Steaming is an excellent method of food preparation since the hot vapour quickly cooks the food while retaining the flavour, colour and nutrients. A metal or bamboo steamer can be utilised though I personally prefer the latter. The vapour permeates the bamboo which gives the food a fine and thorough steaming compared to a metal steamer whose vapour is reduced to large drops of condensation which result in a bit soggy siomai (but that’s just me, the ever fastidious cook). I wonder though if lining the metal steamer with cheese cloth will give better results. One can also improvise with a rice cooker, a wire or expanding metal basket which will hold the food to be steamed above the water. The water should already be boiling before the food is placed in the steamer.
Siomai is a dimsum of Chinese origin which is also quite common in the Philippines. One can order different kinds of siomai but the base is always pork. The ground meat should have some fat otherwise the cooked siomai will be too tough. I tried to experiment on chicken siomai some years back and made the mistake of taking out the skin and fat and it turned out to be tough. Prawns or shrimps can be substituted for part of the pork if desired. For the binder, some use flour or corn starch but I find it to leave a raw taste so I use egg instead (proportion is 1 egg to 1 kg pork). I strongly recommend adding vegetables to give the dimsum some crunch and for nutritional reasons too. If desired ¼ cup of chopped mushrooms or black ear fungus and 1/3 cup fresh or frozen green peas can be added to the recipe below:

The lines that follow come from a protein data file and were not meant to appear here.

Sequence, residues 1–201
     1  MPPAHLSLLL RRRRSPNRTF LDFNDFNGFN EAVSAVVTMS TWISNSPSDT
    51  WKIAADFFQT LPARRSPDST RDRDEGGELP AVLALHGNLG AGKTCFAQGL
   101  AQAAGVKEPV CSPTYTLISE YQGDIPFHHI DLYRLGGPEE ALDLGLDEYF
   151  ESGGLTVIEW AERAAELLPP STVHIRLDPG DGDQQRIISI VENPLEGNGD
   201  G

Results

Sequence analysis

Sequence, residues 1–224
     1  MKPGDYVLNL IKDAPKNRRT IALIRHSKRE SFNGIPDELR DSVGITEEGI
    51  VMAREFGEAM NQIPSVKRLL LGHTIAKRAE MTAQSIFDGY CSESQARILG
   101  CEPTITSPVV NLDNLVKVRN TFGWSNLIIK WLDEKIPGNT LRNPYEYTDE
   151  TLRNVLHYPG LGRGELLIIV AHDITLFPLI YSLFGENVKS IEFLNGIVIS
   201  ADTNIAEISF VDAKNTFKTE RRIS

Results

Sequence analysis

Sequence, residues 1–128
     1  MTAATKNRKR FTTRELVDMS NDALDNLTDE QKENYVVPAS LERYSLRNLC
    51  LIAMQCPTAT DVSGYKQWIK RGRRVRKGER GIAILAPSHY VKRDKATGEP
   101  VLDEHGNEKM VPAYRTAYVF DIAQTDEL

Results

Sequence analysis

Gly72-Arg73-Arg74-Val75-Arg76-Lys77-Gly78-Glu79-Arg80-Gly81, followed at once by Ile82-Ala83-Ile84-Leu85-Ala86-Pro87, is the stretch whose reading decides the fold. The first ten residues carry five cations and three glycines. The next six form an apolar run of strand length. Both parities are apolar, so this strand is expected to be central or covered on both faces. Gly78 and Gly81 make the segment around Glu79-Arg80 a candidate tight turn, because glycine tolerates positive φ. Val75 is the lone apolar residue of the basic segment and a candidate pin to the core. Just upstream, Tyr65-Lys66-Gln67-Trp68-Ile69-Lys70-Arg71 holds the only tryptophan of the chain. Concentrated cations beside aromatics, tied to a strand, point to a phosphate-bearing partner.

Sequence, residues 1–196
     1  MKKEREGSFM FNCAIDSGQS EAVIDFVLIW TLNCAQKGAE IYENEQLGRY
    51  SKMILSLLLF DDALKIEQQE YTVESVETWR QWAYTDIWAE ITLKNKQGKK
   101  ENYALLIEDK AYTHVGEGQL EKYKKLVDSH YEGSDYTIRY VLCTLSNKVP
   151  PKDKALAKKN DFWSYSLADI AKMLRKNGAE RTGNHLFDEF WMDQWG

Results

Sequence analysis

1 kg ground pork (suggested proportion of fat to lean meat is 1:3)
1/3 cup chopped water chestnuts or jicama (singkamas)
1/3 cup chopped carrots
2 medium or 1 large minced onion(s)
bunch of spring onions or leeks
5 tablespoons sesame oil
1 teaspoon freshly ground pepper
1 teaspoon salt
50 pcs. large or 100 pcs. small wanton or siomai wrapper
soy sauce, calamansi (lemon or kumquats), sesame oil and chilli paste (for the sauce)
Mix all the ingredients for the filling in a bowl.
Spoon 1 tablespoon of mixture into each wrapper. Fold and seal.
Meanwhile, boil water and brush steamer with oil.
When the water gets to a rolling boil, arrange the siomai in the steamer and let stand for 15-20 minutes, longer for larger pieces.
Serve with soy sauce, calamansi and sesame oil. Chilli paste is optional.
Update: Someone asked me for the recipe of chilli paste and siomai wrapper that’s why I’m reproducing it here.
1/4 cup water
1 tablespoon vegetable or corn oil
1/4 teaspoon salt
1 1/2 cups all-purpose flour
Beat egg and mix with flour till free of lumps.
Bring water, cooking oil and salt to a boil, then pour in flour.
Remove from heat and beat until mixture forms a ball.
Divide the dough into 1 1/4 -inch balls.
Roll each ball on a floured board until paper thin. Set aside.
Simplest version of chilli sauce would be to chop chillies well and fry them in oil, sesame or vegetable oil, never olive oil if you want it to have an Asian taste.
The chilli paste found in restaurants is a combination of chillies, garlic and oil. Combine chopped chillies and mashed garlic then simmer for around 20 minutes or till most of the water has evaporated. Add oil, simmer and stir well.